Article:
Today, nose piercings are just as popular as ear piercings.
And like ear piercings, nose piercings take about 4 to 6 months to heal. It really depends on:
- location of nose piercing (nostril, septum, etc.)
- jewelry material, such as:
- 18- or 24-karat gold
- stainless steel
- how well you take care of the piercing site
Let’s break down healing times for the different types of nose piercings, what you can do to make sure your nose piercing heals properly, and what to do if healing doesn’t go as planned.
Here are the stages you can expect when you get a nose piercing.
1. Acceptance/inflammatory stage
During the first few days or weeks, your body closes off the wound where jewelry entered. It replaces pierced tissue with new tissue in these steps:
- Blood clots and hardens around the piercing holes and jewelry.
- White blood cells restore skin and tissue with collagen.
- Tissue around the jewelry starts to swell to try and reject the piercing. This is because your body sees the jewelry as a foreign object since it can’t fully complete the healing process like it normally does.
During this stage, you may also experience the following around the piercing site:
2. Healing/proliferative stage
This stage happens during the next few weeks and months after the swelling and redness becomes less visible on the surface. Here’s a general breakdown of this stage:
- Your body starts making a tube-like structure out of scar tissue, called a fistula, from one opening of the piercing to the other.
- A yellow-tinged fluid consisting of lymph, blood plasma, and dead blood cells is produced near the piercing. It gathers around the opening, hardening and beginning the scarring process.
- Discharge eventually stops. The two sides of the fistula around the pierced areas start to fully connect, completing the scar tissue formation.
Your piercing may feel really tender for these few weeks or months if the piercing caused some unexpected damage or trauma to the area. Be especially careful if you notice a lot of discharge or pain.
3. Seasoning/maturation stage
This is the final stage. The piercing will be fully healed. You may switch out jewelry or briefly remove it altogether without compromising the piercing. This part may take a few more weeks and months to complete.
At this stage:
- The inside linings of the fistula get thick and secure the jewelry in place while also making it easier to remove and replace jewelry.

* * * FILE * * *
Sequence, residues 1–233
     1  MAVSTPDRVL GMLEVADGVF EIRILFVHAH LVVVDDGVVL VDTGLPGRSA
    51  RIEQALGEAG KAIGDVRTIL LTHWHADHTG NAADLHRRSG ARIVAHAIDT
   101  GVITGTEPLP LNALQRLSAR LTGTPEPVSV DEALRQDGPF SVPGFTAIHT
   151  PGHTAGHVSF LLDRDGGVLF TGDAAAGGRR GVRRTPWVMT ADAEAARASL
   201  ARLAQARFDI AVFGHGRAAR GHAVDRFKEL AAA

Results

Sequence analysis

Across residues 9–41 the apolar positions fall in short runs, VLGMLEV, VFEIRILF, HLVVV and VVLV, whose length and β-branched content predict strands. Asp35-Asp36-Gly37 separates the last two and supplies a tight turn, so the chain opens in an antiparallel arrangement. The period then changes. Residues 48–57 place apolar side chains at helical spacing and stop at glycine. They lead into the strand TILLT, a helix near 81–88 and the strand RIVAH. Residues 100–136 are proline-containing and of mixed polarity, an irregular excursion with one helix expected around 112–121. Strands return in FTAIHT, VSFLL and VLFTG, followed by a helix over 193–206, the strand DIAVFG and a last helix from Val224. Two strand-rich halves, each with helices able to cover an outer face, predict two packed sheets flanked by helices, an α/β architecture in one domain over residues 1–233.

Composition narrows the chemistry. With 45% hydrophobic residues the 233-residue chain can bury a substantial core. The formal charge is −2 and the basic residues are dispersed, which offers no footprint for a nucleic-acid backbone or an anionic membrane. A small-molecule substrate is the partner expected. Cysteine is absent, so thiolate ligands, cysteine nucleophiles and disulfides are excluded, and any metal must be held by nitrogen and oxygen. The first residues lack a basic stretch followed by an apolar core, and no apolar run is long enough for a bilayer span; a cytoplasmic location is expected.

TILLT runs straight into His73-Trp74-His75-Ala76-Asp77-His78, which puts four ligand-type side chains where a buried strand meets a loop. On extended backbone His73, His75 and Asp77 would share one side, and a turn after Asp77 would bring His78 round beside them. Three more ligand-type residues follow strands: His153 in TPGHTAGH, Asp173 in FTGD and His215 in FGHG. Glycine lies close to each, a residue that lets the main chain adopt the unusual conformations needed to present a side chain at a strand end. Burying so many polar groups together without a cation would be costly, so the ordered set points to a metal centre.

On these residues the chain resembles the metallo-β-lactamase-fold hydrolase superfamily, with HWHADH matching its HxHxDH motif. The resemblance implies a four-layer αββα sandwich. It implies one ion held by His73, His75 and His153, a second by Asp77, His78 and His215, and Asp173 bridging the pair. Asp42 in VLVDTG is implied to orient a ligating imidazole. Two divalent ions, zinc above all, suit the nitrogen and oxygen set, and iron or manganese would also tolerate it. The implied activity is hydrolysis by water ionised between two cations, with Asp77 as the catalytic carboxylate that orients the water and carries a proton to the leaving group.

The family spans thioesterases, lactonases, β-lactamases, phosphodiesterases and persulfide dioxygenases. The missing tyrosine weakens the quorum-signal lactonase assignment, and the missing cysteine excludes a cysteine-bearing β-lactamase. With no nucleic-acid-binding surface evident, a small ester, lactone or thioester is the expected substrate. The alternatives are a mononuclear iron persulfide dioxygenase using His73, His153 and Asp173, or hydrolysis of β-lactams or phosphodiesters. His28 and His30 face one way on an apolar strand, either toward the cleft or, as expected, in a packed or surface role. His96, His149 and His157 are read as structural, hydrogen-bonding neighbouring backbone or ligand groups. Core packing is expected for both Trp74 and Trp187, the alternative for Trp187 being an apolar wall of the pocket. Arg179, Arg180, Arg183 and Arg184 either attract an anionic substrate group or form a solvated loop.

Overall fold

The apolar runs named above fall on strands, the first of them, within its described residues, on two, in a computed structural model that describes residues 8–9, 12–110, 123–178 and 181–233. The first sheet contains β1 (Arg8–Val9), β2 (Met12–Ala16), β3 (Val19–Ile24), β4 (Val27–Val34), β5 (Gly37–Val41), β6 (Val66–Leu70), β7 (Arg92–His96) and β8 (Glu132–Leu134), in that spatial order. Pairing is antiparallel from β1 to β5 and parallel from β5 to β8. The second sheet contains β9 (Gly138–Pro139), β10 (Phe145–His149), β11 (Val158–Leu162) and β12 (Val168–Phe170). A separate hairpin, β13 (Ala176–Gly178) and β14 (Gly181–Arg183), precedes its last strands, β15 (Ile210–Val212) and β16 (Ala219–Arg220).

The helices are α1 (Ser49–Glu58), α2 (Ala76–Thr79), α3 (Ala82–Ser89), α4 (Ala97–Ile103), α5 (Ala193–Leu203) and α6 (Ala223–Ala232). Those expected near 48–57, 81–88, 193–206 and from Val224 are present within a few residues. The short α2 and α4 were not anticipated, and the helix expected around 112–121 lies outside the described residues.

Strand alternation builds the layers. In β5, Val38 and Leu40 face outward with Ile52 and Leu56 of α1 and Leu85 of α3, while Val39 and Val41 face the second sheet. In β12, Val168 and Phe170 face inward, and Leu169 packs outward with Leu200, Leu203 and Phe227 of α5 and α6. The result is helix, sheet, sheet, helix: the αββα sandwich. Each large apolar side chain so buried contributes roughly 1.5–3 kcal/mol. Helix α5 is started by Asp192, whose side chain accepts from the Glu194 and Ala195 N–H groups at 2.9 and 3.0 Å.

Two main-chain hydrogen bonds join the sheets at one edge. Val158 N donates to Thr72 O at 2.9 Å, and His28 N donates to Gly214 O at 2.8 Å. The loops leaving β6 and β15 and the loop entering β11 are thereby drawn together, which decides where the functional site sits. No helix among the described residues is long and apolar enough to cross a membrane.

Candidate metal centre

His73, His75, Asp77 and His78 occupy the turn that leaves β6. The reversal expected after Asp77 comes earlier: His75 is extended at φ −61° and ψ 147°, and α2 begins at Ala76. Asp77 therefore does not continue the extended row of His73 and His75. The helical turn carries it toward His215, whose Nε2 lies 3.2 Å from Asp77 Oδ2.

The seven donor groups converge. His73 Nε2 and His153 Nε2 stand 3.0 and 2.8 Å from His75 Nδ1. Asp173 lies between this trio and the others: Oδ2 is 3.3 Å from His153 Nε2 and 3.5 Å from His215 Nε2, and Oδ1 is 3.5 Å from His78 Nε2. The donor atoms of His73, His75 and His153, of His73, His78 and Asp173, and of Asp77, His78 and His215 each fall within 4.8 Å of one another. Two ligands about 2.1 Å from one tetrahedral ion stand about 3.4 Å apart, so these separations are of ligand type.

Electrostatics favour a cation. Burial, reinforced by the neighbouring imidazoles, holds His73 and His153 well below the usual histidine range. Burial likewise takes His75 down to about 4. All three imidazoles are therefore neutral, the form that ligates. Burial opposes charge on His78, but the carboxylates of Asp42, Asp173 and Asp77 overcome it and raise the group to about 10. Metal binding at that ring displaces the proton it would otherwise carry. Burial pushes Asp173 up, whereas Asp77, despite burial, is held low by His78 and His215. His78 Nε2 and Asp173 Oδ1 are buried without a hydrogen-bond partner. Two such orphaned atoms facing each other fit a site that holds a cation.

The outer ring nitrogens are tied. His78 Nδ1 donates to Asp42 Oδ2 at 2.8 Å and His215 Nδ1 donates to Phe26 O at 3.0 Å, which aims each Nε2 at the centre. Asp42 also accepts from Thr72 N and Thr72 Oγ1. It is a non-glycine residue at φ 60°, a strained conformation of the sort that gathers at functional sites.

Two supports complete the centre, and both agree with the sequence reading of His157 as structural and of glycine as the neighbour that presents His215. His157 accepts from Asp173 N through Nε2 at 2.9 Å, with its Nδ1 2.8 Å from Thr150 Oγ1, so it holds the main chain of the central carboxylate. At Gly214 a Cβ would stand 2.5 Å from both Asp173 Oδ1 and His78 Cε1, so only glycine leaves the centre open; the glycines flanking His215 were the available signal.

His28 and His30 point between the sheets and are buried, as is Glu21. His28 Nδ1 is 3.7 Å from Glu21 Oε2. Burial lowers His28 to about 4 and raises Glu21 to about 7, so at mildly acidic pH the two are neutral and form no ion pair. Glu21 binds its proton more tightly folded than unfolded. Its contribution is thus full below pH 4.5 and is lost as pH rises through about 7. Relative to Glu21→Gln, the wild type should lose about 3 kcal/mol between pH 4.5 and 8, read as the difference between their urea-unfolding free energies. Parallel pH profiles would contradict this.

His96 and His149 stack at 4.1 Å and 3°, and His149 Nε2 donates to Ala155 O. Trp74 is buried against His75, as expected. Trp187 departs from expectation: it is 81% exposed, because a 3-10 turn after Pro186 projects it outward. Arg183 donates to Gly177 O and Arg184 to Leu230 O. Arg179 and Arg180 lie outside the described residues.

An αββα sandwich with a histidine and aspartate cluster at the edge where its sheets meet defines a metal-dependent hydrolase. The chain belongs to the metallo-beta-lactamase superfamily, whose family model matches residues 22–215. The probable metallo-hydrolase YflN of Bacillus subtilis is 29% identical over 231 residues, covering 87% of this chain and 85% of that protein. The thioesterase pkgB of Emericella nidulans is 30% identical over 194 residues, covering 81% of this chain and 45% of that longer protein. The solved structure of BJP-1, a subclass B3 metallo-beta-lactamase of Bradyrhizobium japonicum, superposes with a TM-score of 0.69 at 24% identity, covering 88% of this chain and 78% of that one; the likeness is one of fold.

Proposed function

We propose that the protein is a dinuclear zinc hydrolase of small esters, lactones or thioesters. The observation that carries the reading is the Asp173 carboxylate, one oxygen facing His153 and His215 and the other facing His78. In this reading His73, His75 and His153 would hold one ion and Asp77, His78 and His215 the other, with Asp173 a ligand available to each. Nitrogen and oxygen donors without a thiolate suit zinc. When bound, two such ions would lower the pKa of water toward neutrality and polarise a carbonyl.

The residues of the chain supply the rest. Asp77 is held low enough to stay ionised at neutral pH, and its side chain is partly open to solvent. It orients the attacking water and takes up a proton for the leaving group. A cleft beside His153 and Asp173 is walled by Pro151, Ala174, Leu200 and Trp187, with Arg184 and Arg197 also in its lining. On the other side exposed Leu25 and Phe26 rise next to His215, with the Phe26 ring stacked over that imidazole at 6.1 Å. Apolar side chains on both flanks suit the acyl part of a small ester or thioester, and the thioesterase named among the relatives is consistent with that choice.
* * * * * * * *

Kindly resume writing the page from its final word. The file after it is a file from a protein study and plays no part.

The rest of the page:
- The piercing is also less likely to close because the tissue is fully healed. It won’t try to continue closing itself.
But this isn’t always the case. Some nose piercings may start to close in less than a day after taking out jewelry. To prevent this, quickly replace the jewelry.
Not all nose piercings heal at the same rate. Here’s the breakdown of how long each type of nose piercing might take to heal.
Nostril piercings take about 4 to 6 months to heal.
This can largely depend on the type of jewelry. A thin ring may close quickly. A thicker gauge ring or stud can take more time.
Septum piercings take about 2 to 3 months to heal.
The septum is a thin layer of skin, nerves, and blood vessels between your two nostrils. It’s delicate and usually hurts more than a nostril piercing. However, it heals quickly because there’s less tissue for your body to reconstruct.
Rhino piercings take about 6 to 9 months to heal.
The tissue higher on your nose is thicker, so it takes longer than the other types of nose piercings for the tissue to fully heal.
Bridge piercings heal in about 2 to 3 months.
Bridge piercings typically heal much faster than other nose piercings because very little tissue is pierced. The jewelry only passes through a small section of skin at the top of your nose between your eyes.
Nasallang piercings take about 4 to 6 months to heal.
These piercings are complex because they go through your septum and both of your nostrils. Get this one done by an
Your piercer will give you detailed aftercare instructions to follow.
Here are some general guidelines for keeping your piercing clean and healthy while it’s healing:
- Don’t touch your nose piercing until you’ve washed your hands with soap and water.
- Rinse your piercing twice a day with warm water and a saline solution. Gently dab it dry with a clean towel or paper towel.
- Use gentle, unscented soap on the piercing. Make sure you completely rinse it all out.
See your piercer or a healthcare provider if you notice any of the following signs of improper nose piercing healing:
- unusually disruptive itchiness
- formation of blisters
- thick or dry skin
- unusually colored skin
- pain or burning sensation around the piercing
- piercing very tender to the touch
- a bad smell around the piercing
- greenish or yellowish discharge from the piercing
You can’t remove or replace a nose piercing until it’s completed the final healing stage.
This means you might have to wait up to 8 months or more before you can replace your jewelry. At this point, you shouldn’t have any pain, tenderness, discharge, or discomfort.
See your piercer if you’re not sure whether your piercing is fully healed. Prematurely taking out jewelry can cause infections or close the piercing. Your piercer can also ensure the new jewelry is properly inserted.
Nose piercings take a little longer to heal than other common piercings, but they shouldn’t take more than 9 months.
See your piercer or a healthcare provider if you notice any unusual or painful symptoms, or if it’s taking longer than 9 months to heal.